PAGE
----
Like a mad dream of himself, some Philip K. Dick books seem more autobiographical than fictional. One can almost see him, hunched over the typewriter, taking his wacky visions and delusional experiences of the afternoon and plunking them into a story. Bad marriages, paranoia, experimental drug use, precogs, suicide, etc., etc., are landmarks navigating his novels. Written in 1966, Now Wait for Last Year has all of this and more, and leaves the reader asking: how many different ways can Dick combine his favorite motifs. The answer: at least one more.
Containing the ambiguous leader concept of The Three Stigmata of Palmer Eldritch, the reality-altering property of drugs from FlowMy Tears, the Policeman Said, and the surreal mood and broken relationships of every seemingly Dick book, Now Wait for Last Year has little new to offer well-read Dick fans in the way of ideas. The writing beginning broken and jumbled but settling in after the first few chapters, Dick’s poor prose is also present, but not in spades. Thus, from being nothing special through one glass, to a representative sample of PKD’s work through another, the verdict is ho-hum.
The year is 2055 and Eric Sweetscent, an artiforg (artificial organ transplant surgeon), is employed by one of the richest men in the world keeping the centuries old businessman alive. When not at work, he spends his time in constant disharmony with his wife, Kathy. She a drug addicted, emotional wreck, their domestic life alternates awkwardly between hurtful disagreements and tender sensitivity—a lifestyle which does not well suit the mild-mannered, highly passive Sweetscent. But when the UN Secretary General, leader of the Earth’s government, recruits Sweetscent to be his own personal physician, events start rolling.
In Dick’s 2055, earthlings are the third wheel in an interstellar battle between the power hungry ‘Starmen and the insectile reegs. The Secretary General, Gino Molinari, spends his time trying to sidetrack the ‘Starmen, with whom Earth has signed a peace treaty, in order to prevent humans from being sent to the front to fight. Molinari’s main method of redirecting ‘Starmen requests for soldiers is not so subtle: he plays dead, literally, and Sweetscent must keep him alive. But when Sweetscent finds both an assassinated version and a younger version of the ageing Molinari in the white house, questions arise. Further complicating events is the appearance of a mysterious drug named JJ-180. Having the ability to send people back and forth in time, things really lose touch with reality when Kathy slips Sweetscent some of the strange drug. Highly addictive, Sweetscent is forced to abandon his relaxed life to escape the mysterious shifts in time, possibly just saving Earthlings in the process.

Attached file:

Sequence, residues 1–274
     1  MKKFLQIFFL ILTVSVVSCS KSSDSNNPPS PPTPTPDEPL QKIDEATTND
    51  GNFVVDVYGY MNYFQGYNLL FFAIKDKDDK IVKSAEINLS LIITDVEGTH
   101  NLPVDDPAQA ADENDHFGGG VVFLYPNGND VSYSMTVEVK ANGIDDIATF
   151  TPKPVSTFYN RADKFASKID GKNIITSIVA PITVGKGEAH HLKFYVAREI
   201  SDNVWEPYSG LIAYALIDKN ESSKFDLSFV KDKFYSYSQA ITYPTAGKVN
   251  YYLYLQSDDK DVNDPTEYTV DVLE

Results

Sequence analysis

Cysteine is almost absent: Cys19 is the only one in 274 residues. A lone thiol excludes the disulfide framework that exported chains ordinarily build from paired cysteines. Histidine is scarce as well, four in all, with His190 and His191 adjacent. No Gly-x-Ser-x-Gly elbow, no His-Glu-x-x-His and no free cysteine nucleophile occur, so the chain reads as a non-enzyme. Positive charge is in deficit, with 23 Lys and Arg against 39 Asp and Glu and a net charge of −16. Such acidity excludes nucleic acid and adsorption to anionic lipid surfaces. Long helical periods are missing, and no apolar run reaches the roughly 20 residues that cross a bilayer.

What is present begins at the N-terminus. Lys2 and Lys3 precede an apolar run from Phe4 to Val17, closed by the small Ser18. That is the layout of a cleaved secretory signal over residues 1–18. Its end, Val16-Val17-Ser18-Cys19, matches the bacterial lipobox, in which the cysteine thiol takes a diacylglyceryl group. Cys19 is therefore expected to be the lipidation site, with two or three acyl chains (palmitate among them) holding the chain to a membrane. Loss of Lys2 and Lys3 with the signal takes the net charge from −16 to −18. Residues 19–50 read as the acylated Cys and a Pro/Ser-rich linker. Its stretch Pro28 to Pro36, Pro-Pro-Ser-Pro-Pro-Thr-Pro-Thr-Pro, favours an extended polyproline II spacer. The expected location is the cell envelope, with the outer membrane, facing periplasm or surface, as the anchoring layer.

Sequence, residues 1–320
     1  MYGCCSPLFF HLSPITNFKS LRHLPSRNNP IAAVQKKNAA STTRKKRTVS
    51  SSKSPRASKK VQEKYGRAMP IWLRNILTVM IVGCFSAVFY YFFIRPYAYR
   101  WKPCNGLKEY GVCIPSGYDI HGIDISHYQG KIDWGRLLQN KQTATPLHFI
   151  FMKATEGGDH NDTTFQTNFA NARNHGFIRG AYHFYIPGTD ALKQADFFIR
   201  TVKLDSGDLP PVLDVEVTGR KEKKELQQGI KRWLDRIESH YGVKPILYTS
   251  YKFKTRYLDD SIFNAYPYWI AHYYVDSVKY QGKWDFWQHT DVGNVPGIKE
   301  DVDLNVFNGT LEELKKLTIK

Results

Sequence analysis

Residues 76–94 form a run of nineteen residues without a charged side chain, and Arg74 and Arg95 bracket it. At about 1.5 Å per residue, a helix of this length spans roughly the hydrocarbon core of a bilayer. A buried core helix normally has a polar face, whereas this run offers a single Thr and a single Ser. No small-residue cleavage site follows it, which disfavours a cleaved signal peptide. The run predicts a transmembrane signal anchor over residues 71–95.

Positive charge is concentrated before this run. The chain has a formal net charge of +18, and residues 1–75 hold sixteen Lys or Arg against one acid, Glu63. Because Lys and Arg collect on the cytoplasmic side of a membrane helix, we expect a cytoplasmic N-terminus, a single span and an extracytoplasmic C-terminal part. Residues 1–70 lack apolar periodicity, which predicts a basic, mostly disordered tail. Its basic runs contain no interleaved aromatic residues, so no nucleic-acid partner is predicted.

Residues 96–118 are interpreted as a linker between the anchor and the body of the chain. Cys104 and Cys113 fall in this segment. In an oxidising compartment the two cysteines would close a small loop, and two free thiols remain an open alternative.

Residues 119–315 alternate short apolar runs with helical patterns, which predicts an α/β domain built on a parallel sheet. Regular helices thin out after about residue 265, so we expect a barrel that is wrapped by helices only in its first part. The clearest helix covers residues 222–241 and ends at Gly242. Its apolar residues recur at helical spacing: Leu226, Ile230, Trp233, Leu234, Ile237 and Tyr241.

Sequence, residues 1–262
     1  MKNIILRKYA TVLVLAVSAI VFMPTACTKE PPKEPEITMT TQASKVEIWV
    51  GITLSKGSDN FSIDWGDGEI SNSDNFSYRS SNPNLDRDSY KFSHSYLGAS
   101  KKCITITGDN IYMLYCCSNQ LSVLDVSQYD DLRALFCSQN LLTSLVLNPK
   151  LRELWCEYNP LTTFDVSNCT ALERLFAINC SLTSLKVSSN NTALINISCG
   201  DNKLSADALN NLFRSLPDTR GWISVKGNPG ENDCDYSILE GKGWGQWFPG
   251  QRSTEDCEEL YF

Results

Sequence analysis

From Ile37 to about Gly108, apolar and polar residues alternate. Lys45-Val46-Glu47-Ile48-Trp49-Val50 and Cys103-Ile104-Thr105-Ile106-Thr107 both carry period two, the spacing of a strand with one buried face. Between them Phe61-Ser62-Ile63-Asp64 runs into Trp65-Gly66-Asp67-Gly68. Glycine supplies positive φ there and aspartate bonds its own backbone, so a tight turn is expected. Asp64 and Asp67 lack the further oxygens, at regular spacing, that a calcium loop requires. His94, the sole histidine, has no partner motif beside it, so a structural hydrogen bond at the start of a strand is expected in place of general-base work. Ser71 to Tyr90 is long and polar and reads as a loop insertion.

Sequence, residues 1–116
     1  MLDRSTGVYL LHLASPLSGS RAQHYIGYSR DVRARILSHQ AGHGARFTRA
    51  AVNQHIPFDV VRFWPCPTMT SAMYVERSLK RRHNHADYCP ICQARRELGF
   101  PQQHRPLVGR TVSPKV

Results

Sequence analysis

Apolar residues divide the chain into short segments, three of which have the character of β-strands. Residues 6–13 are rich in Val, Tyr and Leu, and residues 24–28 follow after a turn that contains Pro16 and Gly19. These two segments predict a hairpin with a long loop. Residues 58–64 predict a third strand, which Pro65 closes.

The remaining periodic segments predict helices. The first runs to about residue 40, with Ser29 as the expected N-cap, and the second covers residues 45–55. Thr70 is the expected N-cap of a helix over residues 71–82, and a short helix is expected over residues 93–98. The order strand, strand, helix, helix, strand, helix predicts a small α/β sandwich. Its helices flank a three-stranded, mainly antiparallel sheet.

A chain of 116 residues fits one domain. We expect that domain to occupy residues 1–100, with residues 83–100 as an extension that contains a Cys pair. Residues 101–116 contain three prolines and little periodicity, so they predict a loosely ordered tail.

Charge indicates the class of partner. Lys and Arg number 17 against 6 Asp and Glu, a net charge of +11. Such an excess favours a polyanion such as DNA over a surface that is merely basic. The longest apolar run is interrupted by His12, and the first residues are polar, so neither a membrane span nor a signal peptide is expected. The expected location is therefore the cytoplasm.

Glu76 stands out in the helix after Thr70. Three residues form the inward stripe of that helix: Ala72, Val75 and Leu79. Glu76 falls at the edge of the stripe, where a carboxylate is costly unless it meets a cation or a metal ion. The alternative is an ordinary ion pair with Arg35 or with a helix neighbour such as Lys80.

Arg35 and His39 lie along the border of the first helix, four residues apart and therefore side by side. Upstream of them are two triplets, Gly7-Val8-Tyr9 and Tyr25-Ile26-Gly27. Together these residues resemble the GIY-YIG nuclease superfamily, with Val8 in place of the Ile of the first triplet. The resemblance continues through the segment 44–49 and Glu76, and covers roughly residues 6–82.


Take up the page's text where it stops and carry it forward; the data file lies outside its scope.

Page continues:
Now Wait for Last Year of the middling grade in Dick’s oeuvre, diehard fans will undoubtedly enjoy it despite the lack of anything truly fresh. A direct analogue of Dick’s own relationship troubles (Wikipedia states he was married five times), Sweetscent’s broken marriage is perhaps the strongest aspect of the novel. The dialogue that occurs between he and his wife, particularly the hurtful vitriol hurtling across the room in the opening scenes, is especially realistic. Dick’s final resolution of the relationship—almost a note written on a mirror to himself—is touching and closes the novel in affective fashion.
Time travel a gaping hole just waiting for writers to trip and fall into, Dick handles the motif with ease. Perhaps too lax, its effect on the reality of the novel is poorly thought through. In the same vein as the drug effects of Flow My Tears, the Policeman Said, if a large number of people are able to modify reality simply by taking a pill, one would expect reality to be in constant, chaotic shift, rather than responsive only to the main character’s actions. This selfish personalization, while effectively focusing the plot on the main characters, fails to deliver a message at any logical or social level, thus diminishing the idea’s credibility.
In the end, Now Wait for Last Year is an average read. Readers who enjoy time travel will like the book, however, there are several other books which portray the motif in more convincing fashion. (The Anubis Gates by Tim Powers or Terry Gilliam’s 12 Monkeys’ film are good examples.) Fans of the author will find nothing to complain about; all the typical Dickian elements are present in quantity. One of his stronger examinations of a broken relationship, readers should expect domestic turmoil to heavily affect the plot. However, when contrasted against the larger conflict occurring in space, its depth gets lost solving the mystery of who or what Molinari really is . There are better Dick stories out there, but there are probably more that are worse.